The New York City Council passed a series of bills Thursday amending administrative codes to tackle persistent lead paint problems apartment buildings.
The vote comes just a day after the Adams administration said it has settled thousands of violations with four landlords in an effort to rid apartments of lead exposure to young people.
The measures passed Thursday would create a process for landlords to correct lead-based paint violations; require lead-based paint abatement in all units where a child under the age of six resides by mid-2027; and require inspections for some buildings that may pose a risk of lead exposure to children.
The landlord group Community Housing Improvement Program said the legislation will primarily affect more than 10,000 rent-stabilized buildings constructed before 1960. It warned of unintended consequences.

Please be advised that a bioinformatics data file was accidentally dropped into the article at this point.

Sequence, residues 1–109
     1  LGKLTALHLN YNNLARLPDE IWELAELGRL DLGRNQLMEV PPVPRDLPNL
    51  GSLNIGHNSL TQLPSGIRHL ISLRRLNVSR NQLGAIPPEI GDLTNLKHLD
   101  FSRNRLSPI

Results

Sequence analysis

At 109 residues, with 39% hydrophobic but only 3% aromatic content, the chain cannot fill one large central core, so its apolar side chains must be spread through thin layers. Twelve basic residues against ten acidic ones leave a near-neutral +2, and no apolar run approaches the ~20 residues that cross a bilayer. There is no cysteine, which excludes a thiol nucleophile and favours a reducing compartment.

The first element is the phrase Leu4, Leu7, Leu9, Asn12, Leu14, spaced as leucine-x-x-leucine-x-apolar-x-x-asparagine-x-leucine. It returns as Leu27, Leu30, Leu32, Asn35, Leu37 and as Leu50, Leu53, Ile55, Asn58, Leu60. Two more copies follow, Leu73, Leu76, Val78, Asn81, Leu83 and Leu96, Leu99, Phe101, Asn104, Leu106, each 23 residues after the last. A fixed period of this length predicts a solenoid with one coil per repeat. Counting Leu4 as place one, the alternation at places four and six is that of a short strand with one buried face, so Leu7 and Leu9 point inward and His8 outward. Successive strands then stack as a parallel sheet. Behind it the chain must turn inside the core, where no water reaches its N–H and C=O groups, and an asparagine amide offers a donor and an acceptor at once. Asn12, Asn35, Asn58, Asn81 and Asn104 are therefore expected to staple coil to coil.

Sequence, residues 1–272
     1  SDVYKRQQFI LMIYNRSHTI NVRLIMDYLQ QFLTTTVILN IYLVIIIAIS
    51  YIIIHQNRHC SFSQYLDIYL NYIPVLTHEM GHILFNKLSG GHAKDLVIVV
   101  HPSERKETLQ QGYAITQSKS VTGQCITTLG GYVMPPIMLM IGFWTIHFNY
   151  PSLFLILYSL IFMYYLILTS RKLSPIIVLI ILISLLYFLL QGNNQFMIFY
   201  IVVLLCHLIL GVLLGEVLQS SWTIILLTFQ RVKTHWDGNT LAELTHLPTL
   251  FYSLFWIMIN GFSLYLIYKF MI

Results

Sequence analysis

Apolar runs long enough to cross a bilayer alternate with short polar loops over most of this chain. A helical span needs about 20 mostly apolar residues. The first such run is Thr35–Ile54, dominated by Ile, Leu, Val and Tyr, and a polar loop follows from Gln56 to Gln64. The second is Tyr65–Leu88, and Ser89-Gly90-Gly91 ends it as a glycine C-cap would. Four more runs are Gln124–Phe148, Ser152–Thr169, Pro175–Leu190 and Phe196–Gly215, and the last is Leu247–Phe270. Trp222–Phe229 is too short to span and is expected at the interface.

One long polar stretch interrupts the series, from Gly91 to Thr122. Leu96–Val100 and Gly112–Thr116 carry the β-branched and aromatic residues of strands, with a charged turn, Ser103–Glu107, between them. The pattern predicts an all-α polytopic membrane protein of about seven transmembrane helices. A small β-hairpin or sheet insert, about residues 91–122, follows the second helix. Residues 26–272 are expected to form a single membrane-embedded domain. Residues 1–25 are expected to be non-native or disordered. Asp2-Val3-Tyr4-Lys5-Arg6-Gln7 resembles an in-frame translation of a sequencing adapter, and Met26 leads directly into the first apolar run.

“Removing lead-paint hazards from buildings is vitally important to the long-term sustainability of affordable housing in New York City,” said Jay Martin, executive director of CHIP. “How we go about accomplishing this goal matters. Increasing mandates and fines without fully considering the impact of these actions can cause more harm than good.”
The Rent Stabilization Association, which also represents rent-stabilized building owners, is especially concerned with Intro 6, which mandates abatements while tenants are still occupying a unit.
“It’s not really done anyplace because it actually can create more hazards than remedies,” the group’s Frank Ricci said. “There is a kind of opt-out: If a tenant refuses to leave the apartment, then the owner is off the hook.”
That bill and one other passed 35 to 7. The other three passed unanimously.
The bills also require property owners to produce records for the previous year, including X-ray fluorescence analysis after Aug. 1, 2025, whenever a violation for lead-based paint hazards is issued by the Department of Housing Preservation and Development.